Theories of cognitive development in children

Theories of cognitive development in children

Human development is a complex subject that has attracted dozens of researchers trying to understand and explain how children grow, learn, and behave. Cognitive development in children refers to the process of development of thinking in the course of childhood. But defining thinking can be difficult since it entails many things, including how one perceives things, constructs their thoughts, memory, language development, decision-making ability, and other changes that occur as the child grows.

To understand the development process in children, a number of theories have been developed. These theories focus on the social, emotional, and intellectual changes that happen as a child grows.

  1. Piaget’s Theory of Cognitive Development

This is one of the most influential theories of cognitive development. According to Jean Piaget, children think differently than adults. In his theory, Piaget sought to explain how the thinking process and mental states change with age. His theory also looks at how the thought process impacts the way a child perceives the immediate environment. According to him, as a child grows, so does the way they think and reason. He separated the development process into schemas, namely the sensorimotor stage, pre-operational stage, concrete operations stage, and formal operational stage. These schemas act as units of knowledge for accommodating old experiences and a basis for acquiring new knowledge.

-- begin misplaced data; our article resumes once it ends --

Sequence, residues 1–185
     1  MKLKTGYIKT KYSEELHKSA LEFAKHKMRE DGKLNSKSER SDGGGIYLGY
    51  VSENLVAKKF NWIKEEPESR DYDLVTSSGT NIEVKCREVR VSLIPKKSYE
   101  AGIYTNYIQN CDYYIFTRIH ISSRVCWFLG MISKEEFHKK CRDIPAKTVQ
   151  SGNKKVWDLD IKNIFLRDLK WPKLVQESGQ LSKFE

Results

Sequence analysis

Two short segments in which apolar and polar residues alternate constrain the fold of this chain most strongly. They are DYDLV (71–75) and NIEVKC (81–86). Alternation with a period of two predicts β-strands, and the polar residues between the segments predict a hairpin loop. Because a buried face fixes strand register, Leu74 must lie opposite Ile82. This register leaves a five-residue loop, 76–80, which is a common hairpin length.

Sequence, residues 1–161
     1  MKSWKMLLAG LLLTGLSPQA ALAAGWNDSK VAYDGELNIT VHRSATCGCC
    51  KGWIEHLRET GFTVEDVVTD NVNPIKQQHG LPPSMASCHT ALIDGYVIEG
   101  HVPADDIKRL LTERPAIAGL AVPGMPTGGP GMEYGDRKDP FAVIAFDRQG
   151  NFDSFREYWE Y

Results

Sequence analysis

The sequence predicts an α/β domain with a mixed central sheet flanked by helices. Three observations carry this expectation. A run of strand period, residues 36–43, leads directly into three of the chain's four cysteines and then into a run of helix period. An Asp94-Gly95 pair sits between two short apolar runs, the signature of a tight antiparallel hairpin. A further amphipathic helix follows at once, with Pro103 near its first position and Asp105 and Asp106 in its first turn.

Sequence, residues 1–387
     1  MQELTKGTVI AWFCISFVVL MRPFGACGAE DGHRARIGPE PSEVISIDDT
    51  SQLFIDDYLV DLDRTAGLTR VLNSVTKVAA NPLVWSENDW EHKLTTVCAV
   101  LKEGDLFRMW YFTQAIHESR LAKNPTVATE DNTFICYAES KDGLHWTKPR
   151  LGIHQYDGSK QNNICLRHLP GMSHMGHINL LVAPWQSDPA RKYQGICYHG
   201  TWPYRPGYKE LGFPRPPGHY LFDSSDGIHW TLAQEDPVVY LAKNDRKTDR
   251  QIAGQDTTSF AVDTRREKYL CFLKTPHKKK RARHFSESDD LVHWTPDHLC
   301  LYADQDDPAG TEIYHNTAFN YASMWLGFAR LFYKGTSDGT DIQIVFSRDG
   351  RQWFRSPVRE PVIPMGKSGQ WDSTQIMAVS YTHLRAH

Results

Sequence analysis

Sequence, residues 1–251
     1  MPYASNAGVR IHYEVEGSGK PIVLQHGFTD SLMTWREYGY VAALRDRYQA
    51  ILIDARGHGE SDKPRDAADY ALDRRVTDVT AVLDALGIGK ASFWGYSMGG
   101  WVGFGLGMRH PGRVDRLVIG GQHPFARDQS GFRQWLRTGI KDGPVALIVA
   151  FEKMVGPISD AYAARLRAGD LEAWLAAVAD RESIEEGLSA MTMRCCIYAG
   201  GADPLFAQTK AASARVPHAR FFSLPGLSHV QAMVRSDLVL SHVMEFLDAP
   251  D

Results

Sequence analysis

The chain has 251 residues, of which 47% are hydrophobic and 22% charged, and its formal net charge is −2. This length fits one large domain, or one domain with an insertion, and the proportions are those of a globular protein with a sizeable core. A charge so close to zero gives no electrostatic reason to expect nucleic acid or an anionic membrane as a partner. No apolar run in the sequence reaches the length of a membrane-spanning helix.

1. Freud’s Psychosocial Developmental Theory

Sigmund Freud developed this theory from experience while treating his patients with mental illnesses. Sigmund noticed that childhood experiences and other unconscious desires significantly impact behavior patterns as an adult. According to him, the development process occurs in stages, and the child encounters conflicts at each stage that impact the development process.

  1. Erickson’s Psychosocial Developmental Theory

In his theory, Erickson presented an eight-stage framework describing the growth process from infancy to death. While closely related to Freud’s theory, Erickson focused on the social interaction and conflicts that a person experiences in the eight stages. Erickson was convinced that social interaction had a significant impact on the growth and development of a child.

4.. Bowlby’s Attachment Theory

John Bowlby, another influential psychologist, was of the opinion that the development process of a child is the innate need to create and develop attachments. These attachments can include people, places, or anything that may influence the development process over the years.

  1. Bandura’ social Learning Theory

According to Bandura’s theory, while much of the child’s learning is from conditioning and reinforcement, modeling and simple observations also play a critical role in influencing the child’s behavior. Apart from watching live models, the child can also learn by listening to verbal instructions or from observing real or fictional characters in films and books performing and displaying the behaviors.

While not all these theories are accepted today, they have significant input in our understanding of the child’s development process. Many psychologists still refer to these theories to understand how their patients think and behave.





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